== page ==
Woody and Lefty Lou's broadcasts were met with great enthusiasm among displaced Okies who had settled in the Los Angeles area, and the show quickly acquired a regular audience. But after a short time, they had exhausted their repertoire of hillbilly ballads, and Woody tentatively began to air some of his own songs, such as "Do Re Mi" and "Talking Dust Bowl", songs with their roots in his anger at the deprivations of poverty he had seen while riding the boxcars up and down California. Upon suggestions from his audience, Woody authored several new songs which would become folk music standards. One of these was "Reno Blues," better known as "Philadelphia Lawyer," a ballad based on an incident in which a cowboy had killed a lawyer in a fight over a woman. Woody's sympathy for the common people and disdain for city slickers, such as the deceased Philadelphia lawyer of the song, is evident, but his political consciousness was still rudimentary and evolving rapidly.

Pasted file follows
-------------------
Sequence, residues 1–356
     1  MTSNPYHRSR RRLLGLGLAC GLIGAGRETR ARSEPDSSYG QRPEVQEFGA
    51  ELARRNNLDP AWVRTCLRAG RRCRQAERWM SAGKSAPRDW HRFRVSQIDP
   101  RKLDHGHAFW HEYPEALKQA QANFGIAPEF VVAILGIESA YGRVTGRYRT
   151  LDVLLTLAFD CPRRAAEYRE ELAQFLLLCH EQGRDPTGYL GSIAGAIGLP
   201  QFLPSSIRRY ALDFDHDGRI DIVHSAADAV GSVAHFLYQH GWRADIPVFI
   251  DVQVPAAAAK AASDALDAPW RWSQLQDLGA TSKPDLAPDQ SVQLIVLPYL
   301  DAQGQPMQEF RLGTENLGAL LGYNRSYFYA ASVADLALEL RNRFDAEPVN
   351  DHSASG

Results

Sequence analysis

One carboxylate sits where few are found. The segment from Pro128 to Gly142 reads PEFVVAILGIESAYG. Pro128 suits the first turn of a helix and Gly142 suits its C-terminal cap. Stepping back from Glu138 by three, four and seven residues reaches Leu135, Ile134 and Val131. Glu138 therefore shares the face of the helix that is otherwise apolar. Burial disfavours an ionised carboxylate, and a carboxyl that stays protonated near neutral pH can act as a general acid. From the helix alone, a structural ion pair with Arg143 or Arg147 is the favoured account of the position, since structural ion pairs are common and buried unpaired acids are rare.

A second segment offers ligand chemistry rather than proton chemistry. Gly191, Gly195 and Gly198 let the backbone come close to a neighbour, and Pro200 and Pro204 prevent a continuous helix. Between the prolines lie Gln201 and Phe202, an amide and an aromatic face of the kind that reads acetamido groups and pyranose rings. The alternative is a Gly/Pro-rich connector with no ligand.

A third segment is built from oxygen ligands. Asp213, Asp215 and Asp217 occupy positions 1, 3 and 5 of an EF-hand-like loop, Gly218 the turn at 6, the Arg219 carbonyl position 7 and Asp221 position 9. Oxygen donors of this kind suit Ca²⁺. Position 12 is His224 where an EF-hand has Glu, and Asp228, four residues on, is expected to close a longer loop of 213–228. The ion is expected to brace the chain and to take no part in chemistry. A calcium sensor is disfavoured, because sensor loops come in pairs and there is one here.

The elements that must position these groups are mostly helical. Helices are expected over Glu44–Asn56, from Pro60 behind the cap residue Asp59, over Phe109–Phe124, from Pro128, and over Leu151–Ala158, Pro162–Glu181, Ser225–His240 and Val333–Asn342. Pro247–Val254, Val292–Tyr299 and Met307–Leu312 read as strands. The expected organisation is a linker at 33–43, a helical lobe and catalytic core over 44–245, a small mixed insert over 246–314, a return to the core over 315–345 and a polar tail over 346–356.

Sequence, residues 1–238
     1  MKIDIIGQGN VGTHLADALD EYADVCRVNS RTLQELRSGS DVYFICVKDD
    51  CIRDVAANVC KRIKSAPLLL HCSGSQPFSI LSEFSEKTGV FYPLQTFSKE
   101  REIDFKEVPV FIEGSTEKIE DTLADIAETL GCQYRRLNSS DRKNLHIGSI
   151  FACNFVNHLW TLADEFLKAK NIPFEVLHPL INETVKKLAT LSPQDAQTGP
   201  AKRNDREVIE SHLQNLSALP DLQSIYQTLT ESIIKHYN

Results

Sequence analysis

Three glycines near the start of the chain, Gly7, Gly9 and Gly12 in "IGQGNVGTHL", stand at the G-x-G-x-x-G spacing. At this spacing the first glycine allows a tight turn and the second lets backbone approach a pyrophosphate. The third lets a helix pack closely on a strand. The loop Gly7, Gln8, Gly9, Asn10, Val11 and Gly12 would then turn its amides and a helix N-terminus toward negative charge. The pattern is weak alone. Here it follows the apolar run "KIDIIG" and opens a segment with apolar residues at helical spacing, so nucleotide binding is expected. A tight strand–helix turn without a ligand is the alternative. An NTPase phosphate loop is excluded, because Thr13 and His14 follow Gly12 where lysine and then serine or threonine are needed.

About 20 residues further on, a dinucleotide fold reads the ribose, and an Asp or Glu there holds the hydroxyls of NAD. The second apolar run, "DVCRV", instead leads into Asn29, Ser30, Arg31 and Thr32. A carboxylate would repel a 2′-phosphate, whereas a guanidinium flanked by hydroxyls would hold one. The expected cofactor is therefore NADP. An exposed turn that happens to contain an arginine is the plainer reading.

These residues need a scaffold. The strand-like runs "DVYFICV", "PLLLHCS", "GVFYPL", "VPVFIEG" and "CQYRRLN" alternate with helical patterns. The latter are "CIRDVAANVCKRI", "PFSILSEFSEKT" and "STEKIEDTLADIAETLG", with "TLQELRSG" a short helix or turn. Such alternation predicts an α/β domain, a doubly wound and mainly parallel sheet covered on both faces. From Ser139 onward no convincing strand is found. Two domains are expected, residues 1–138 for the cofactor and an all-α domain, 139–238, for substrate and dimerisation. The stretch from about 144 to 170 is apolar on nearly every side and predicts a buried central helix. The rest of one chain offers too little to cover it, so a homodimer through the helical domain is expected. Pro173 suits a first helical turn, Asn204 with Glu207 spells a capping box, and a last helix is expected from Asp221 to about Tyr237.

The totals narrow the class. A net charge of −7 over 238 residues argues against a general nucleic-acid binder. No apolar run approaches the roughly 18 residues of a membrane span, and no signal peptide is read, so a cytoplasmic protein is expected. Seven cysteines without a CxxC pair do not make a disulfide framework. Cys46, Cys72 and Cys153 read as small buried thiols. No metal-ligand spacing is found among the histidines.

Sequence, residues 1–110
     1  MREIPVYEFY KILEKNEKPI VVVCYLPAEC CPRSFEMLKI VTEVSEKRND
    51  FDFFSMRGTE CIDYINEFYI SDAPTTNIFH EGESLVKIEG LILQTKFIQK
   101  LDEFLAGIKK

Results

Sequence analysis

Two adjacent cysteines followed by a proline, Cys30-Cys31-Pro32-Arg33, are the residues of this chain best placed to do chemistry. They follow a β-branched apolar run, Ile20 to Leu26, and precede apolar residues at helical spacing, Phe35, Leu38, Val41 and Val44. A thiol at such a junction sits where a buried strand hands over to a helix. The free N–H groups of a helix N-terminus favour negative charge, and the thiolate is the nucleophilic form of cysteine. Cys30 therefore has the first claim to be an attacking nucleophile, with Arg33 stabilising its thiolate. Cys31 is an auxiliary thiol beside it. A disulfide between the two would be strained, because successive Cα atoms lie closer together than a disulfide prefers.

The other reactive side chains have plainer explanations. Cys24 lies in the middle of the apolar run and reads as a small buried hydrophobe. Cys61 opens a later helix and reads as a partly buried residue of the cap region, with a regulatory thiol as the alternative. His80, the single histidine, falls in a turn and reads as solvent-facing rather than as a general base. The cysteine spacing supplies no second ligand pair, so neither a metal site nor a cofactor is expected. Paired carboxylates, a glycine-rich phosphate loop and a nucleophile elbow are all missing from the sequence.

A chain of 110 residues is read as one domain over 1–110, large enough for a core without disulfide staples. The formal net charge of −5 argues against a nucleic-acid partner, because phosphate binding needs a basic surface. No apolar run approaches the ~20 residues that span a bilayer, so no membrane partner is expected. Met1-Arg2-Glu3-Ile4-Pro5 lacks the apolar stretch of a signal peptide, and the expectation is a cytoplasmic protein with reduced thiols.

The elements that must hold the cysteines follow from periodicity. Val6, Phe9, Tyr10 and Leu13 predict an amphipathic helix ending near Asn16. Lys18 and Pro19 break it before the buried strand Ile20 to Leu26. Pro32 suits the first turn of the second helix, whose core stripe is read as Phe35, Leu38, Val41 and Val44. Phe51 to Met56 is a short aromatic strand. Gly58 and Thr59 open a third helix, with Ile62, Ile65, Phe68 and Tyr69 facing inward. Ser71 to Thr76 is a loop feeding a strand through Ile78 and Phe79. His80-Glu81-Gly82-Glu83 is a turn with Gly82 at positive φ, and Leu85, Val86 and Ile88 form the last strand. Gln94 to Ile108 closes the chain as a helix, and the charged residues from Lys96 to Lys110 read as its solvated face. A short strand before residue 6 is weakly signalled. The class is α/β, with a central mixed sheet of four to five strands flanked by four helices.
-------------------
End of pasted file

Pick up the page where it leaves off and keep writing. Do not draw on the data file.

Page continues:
He continued to use the old tunes for his words -- "Reno Blues" is set to the tune of the old folk ballad "The Jealous Lover" -- and wrote more and more songs about the plight of the poor and the displacement of the Okies, a comination well received by his audience.

Around the same time, he landed a contract for the continuation of the radio show which included a salary, and suddenly had enough money to send for Mary and the two children, whom he had left behind in Pampa. He did so immediately, but failed locate a place for them to live. As a result, they spent several weeks in a desperate and rushed apartment search -- a challenging prospect, especially with young children as two of the potential tenants. In response to the difficulties they faced, Woody spent much of his radio time on an anti-landlord campaign.